Prostate Ultrasound and Biopsy
What is Prostate Ultrasound?
Further testing is indicated if a PSA blood test suggests possible cancer. Tissue samples (biopsies) are removed from the prostate for examination. Their removal is guided by ultrasound, which uses high-frequency sound waves to create images of the prostate gland. The tissue samples are then checked for cancer cells.
Preparing for Your Procedure
- Follow any instructions you are given.
- Tell the urology provider what medications you take, including any over-the-counter medications, herbal remedies, supplements, or blood thinners. Ask whether you need to stop taking any of them before the test.
- Tell the urology provider if you have any bleeding problems.
- If prescribed, take antibiotics before your test, to help prevent any infection.
- Arrange for a driver to take you home after the procedure.
What to Expect During Your Procedure
The prostate ultrasound and biopsy are done in the medical office and usually take from 10 to 20 minutes, but expect your visit to last up to about an hour. You may be given an antibiotic, pain medication, and medication to help you relax before the procedure.
During the procedure:
1. A small ultrasound probe is inserted into your rectum. Sound waves from the probe create images of your prostate on a video monitor.
2. You will receive an injection of local anesthetic.
3. A small biopsy needle is inserted through the rectum into the prostate. Guided by the ultrasound images, the needle is used to take several tiny tissue samples from the prostate.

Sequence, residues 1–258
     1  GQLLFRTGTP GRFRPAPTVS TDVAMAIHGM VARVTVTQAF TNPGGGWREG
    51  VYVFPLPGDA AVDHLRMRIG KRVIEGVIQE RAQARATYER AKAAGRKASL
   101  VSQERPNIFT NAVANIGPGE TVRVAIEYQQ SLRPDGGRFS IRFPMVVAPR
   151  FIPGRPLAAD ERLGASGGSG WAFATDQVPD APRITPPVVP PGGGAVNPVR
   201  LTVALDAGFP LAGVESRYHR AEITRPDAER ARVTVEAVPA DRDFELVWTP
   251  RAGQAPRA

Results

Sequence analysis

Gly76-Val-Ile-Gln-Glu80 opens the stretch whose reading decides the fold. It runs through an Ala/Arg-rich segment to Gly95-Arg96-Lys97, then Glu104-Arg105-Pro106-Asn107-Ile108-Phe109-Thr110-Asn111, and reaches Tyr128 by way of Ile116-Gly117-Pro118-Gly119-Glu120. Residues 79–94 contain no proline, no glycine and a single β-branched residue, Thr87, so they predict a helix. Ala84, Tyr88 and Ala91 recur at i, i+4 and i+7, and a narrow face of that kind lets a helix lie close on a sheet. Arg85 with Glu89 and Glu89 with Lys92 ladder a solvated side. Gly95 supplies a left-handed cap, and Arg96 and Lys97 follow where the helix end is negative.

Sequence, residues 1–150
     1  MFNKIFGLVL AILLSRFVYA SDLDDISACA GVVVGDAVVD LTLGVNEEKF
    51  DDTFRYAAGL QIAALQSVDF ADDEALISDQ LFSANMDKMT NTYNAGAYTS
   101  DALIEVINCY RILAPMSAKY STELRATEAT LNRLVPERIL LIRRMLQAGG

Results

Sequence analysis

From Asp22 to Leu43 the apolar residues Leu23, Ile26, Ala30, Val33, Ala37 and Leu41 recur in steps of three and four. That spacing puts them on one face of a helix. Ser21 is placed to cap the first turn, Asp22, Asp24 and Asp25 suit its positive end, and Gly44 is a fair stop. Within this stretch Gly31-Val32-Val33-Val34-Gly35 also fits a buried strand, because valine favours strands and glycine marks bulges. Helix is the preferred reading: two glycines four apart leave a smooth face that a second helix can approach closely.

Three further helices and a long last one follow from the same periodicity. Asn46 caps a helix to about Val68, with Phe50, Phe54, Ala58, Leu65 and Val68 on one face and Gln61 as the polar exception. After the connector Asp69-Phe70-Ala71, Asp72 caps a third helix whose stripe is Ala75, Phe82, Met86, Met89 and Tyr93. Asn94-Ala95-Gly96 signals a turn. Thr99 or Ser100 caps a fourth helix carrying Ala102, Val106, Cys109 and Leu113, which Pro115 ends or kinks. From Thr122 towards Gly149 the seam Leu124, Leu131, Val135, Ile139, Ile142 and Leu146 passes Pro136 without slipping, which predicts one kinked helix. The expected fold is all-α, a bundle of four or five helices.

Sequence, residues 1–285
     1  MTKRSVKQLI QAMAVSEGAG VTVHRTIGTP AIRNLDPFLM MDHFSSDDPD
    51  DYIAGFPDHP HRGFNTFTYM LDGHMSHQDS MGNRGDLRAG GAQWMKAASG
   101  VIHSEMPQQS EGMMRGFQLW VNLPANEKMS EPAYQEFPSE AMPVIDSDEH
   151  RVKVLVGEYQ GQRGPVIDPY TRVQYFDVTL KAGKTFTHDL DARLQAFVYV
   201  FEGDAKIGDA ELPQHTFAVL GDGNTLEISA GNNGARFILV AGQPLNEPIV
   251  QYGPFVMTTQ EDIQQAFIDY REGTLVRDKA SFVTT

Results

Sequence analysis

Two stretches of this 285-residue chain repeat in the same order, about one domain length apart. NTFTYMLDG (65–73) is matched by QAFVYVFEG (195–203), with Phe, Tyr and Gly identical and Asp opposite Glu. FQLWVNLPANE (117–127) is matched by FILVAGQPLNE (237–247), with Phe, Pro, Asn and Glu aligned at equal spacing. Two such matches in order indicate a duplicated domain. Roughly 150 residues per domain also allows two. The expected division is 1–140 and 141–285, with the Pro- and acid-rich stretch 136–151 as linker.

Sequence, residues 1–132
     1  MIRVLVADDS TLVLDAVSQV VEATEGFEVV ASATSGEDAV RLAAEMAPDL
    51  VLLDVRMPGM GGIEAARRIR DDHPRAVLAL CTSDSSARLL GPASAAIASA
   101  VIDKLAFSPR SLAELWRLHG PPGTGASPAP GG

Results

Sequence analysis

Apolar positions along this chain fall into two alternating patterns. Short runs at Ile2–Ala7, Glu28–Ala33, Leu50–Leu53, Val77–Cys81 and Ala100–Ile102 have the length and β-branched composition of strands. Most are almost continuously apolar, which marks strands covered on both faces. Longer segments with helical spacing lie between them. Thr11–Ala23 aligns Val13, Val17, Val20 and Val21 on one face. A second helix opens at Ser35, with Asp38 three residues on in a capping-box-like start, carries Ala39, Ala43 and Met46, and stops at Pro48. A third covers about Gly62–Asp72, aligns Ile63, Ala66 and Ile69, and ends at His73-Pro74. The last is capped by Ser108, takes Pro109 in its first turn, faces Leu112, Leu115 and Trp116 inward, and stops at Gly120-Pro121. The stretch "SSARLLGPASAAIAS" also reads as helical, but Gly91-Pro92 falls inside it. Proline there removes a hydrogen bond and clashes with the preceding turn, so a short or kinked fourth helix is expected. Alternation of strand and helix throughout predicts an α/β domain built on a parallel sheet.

4. The needle and probe are removed. The tissue samples are sent to a lab for testing.
5. The urology provider will tell you when you can go home.
After Your Procedure
Take any prescribed antibiotics as directed.
- You may notice some rectal bleeding or blood in your urine for a few days. This is normal.
- You may have blood in your semen for several months after the test. This is normal.
- Ask your urology provider whether you should avoid exercise or sex for a few days after your biopsy.
Risks and possible complications include infection, excessive bleeding, and/or urinary retention. Call our office if you have:
- Fever of 100.4°F (38°C) or higher
- Excessive bleeding from your rectum or urethra
- Muscle aches or excessive tiredness
- Trouble urinating
Understanding Your Biopsy Results
Your biopsy results will help determine your course of treatment, which can range from watchful waiting in the case of non-aggressive cancer, to more active treatment such as surgery, radiation, and/or hormone therapy.